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16 October 2014
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Clare O'Reilly

Clare has had a poem published in the Sunday Tribune (Hennessy Literary Awards) and has come second in the Cecil Day Lewis Awards adult poetry. She is a primary school teacher (for her sins!) and teaches Senior Infant Girls (aged five-six years). She loves writing, particularly poetry, especially enjoys the Northern Irish poets, e.g. Paul Muldoon.

Bog Woman by Clare O'Reilly

The farmer who found you with his mechanical digger
Dredging a drain to cut the turf, said you had perfect nails,
Hands reaching out across time and space, marinated by brown peat, still beautiful

Croghan Hill, my climbing frame, picnics, rhymes, fences, watching for the camouflage of bog holes that sucked you in, birds I never heard in town, squidge of peat in rubber boots, wet feet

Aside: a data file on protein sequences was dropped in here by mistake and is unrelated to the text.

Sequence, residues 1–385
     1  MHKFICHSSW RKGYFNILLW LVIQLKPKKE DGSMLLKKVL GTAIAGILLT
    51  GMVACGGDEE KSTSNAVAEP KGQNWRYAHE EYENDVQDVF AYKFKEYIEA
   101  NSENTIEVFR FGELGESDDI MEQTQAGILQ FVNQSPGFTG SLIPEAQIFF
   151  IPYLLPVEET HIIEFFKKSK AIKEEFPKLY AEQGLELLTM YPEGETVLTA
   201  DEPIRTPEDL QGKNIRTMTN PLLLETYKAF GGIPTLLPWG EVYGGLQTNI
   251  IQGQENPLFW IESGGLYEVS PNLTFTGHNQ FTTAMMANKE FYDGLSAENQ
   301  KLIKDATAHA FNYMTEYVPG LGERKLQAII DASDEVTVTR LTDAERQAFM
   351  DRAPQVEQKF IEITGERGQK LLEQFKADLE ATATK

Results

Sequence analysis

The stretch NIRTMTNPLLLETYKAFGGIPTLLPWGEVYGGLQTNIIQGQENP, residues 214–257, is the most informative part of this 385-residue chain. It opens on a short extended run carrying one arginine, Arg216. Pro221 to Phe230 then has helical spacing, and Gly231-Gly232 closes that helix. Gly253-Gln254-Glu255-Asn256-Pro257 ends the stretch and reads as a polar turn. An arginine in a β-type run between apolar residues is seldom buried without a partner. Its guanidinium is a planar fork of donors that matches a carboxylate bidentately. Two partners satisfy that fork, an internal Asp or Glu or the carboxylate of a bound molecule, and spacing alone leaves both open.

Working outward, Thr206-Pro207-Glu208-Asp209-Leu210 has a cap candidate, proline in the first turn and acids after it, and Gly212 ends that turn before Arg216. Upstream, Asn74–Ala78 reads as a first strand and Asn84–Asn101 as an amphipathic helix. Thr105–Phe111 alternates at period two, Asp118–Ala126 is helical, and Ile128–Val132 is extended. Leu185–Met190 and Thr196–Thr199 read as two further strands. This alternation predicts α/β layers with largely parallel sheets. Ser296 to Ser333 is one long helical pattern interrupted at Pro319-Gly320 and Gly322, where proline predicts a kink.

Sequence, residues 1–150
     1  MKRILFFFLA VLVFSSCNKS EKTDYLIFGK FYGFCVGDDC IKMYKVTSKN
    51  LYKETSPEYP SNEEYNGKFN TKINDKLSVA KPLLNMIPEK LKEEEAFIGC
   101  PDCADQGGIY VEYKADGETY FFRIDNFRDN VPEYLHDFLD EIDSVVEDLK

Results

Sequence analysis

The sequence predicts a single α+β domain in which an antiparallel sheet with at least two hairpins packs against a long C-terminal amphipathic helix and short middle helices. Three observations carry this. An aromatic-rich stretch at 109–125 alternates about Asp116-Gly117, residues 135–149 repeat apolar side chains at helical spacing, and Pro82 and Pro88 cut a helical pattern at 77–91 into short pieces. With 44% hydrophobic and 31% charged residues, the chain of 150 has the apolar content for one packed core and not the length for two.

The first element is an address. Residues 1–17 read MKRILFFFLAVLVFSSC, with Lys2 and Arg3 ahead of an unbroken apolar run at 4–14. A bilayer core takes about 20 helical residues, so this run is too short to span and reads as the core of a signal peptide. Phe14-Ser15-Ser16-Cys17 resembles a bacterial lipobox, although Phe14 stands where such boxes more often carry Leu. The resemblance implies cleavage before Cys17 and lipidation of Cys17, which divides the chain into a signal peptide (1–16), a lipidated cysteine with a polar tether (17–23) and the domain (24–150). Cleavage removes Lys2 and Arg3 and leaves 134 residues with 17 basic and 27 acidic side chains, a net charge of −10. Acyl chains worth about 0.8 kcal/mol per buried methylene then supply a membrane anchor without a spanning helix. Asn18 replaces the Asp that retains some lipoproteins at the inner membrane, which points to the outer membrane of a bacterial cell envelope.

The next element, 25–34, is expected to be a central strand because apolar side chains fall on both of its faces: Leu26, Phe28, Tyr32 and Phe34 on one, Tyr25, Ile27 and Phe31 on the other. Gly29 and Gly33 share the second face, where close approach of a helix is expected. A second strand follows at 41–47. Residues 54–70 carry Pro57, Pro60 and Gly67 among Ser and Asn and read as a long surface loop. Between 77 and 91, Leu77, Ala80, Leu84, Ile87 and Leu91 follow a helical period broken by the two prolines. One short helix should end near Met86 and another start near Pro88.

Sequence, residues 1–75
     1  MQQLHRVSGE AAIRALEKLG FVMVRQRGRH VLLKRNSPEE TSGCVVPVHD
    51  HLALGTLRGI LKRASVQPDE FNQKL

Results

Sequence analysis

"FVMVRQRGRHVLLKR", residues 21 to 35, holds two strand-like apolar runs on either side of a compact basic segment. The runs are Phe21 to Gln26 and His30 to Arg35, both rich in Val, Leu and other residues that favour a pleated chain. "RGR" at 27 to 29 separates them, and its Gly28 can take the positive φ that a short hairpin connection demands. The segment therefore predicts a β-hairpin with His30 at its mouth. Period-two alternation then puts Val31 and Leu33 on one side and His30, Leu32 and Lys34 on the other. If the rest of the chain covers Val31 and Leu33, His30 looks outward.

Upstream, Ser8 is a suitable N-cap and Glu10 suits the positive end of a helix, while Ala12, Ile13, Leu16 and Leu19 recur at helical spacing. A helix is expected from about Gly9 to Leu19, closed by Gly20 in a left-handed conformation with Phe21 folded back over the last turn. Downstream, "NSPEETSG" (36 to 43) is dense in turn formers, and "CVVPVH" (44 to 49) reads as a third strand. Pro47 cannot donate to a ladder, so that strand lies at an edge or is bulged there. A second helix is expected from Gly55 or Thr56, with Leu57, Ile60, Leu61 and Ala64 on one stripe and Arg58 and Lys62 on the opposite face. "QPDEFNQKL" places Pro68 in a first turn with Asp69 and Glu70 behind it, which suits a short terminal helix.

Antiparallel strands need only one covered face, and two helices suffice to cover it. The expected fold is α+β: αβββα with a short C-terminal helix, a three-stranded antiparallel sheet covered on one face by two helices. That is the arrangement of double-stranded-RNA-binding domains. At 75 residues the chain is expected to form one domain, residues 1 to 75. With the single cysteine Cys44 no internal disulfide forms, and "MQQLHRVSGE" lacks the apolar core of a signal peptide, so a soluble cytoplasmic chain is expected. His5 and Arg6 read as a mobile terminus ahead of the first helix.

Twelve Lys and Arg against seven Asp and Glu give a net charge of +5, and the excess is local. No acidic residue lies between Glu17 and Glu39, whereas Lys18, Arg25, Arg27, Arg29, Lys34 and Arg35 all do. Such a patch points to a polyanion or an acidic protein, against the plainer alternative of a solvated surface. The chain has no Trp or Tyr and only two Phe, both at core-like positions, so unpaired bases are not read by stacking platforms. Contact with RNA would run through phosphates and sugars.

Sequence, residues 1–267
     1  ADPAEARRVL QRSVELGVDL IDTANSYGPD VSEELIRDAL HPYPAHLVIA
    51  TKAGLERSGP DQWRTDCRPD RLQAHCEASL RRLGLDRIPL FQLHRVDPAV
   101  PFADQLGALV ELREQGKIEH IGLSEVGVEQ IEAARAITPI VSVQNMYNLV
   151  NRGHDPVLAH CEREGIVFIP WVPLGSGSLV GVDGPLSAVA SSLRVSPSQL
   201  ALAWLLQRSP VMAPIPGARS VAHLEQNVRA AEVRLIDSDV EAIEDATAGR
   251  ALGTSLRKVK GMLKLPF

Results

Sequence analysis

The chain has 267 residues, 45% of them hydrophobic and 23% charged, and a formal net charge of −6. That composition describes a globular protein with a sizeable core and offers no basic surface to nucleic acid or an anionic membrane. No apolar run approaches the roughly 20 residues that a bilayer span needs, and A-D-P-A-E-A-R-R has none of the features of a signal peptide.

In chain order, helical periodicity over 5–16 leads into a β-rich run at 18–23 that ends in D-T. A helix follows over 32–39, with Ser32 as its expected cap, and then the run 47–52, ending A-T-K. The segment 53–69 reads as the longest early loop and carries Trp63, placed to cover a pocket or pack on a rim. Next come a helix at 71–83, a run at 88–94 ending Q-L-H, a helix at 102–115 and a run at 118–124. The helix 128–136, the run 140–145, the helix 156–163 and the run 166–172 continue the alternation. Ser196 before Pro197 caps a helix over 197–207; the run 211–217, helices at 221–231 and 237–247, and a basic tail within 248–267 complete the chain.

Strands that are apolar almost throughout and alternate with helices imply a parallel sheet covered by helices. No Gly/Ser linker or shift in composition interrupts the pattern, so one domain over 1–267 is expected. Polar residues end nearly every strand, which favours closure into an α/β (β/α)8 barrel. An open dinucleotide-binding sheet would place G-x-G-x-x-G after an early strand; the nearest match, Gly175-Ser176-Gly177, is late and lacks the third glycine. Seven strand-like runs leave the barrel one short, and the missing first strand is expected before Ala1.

I walked over your grave bog woman, brooch wearer, child bearer
What wayward wandering brought you across my uncharted path, centuries on?
Preserved in your peat womb, I sensed you there watching down deep, waiting for birth

Speak to me, my Croghan Queen,
I have waited for you, ancient friend


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